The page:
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Zilingo Pte’s board has authorized the repayment of loans demanded by creditors as the troubled startup fights to stave off a liquidity crisis, according to people familiar with the matter.

Weeks after the ouster of Ankiti Bose from her post as chief executive officer, company directors on Wednesday authorized co-founder Dhruv Kapoor to transfer funds demanded by the creditors behind a $40 million debt facility with immediate effect, said the people who asked not to be named as the matter is private. Kapoor and Bose started Singapore-based Zilingo together in 2015.

The move puts the embattled fashion startup in a precarious financial position, given its money-losing operations and limited access to fresh capital.

“The board has and continues to evaluate all options for the business," the firm said in an emailed statement. “All significant decisions related to the company are taken collectively with the full involvement and authorization of the majority of investors."

Since Bose was fired on May 20, investors and top management have debated whether Zilingo can keep operating. Key investors including Sequoia Capital India and Koru Partners have proposed putting the firm into liquidation, clashing with creditors who want to consider other possible financial options, as well as Kapoor who wants to save the company, according to several people.

“I do not believe that liquidation is either necessary or meaningful for the interest of the company and its customers, shareholders, note holders and lenders," Kapoor wrote in an email seen by Bloomberg News, sent on May 31 to shareholders of Zilingo. In the email, Kapoor, who serves as chief technology officer, asked for their support, saying the company needs just $6 million to $8 million for next year. 

“While we do have many multiples of this figure in our accounts today, there is a real risk that these monies will be swept away by the lenders," he wrote. He added that he’d been approached by companies expressing interest in a merger or acquisition.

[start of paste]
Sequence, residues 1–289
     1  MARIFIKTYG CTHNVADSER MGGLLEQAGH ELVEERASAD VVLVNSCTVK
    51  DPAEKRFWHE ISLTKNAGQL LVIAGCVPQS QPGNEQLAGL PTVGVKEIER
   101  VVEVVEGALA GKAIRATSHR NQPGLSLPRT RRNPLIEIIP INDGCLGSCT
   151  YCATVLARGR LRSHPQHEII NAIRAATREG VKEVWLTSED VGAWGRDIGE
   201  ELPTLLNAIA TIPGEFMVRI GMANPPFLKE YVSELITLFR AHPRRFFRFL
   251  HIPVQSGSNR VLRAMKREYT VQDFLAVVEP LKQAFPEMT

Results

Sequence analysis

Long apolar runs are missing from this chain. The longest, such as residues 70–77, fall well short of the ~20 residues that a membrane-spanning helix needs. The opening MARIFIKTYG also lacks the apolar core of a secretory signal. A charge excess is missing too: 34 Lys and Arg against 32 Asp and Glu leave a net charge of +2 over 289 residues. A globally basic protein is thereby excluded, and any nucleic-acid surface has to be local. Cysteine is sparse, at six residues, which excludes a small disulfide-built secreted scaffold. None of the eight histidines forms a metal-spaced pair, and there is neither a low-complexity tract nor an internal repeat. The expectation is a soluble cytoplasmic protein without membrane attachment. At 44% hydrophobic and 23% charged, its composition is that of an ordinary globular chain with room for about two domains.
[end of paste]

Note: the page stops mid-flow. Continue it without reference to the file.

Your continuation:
Creditors do not favor the liquidation option partly because that process can take six to nine months in Singapore, a relatively long period for the quick-paced world of startups, and it can be costly, one of the people said.

Zilingo employees, who are facing an uncertain future, are walking out. About 100 workers across Zilingo’s eight offices have departed in recent months, according to a person familiar with the matter. Chief Financial Officer Ramesh Bafna, a former CFO at fashion e-commerce platform Myntra, left in May, a mere two months after joining. Other senior managers including the startup’s head of Thailand are also leaving, according to the people.

In May, Zilingo halted some of its operations in Indonesia, the struggling startup’s biggest market in Southeast Asia, the people said. Some staff in the country, totaling more than 100 before the crisis, have been told by their managers to start looking for jobs elsewhere, one of the people said.

Indies Capital Partners and Varde Partners, the companies behind Zilingo’s creditor Zorro Assets Ltd., provided the $40 million mezzanine debt facility in 2021. In March, Varde and Indies told the firm that it was in default of their loan agreement, citing a wide range of documents it had not yet provided, including audited filings from fiscal 2020 and fiscal 2021, ordering it to cease drawing on funds. By May, they decided to recall the loan.

Varde declined to comment and Indies Capital did not respond to requests for comment.

The Zilingo board said on May 13 that it had appointed an independent financial adviser to explore options for the company’s future.

 

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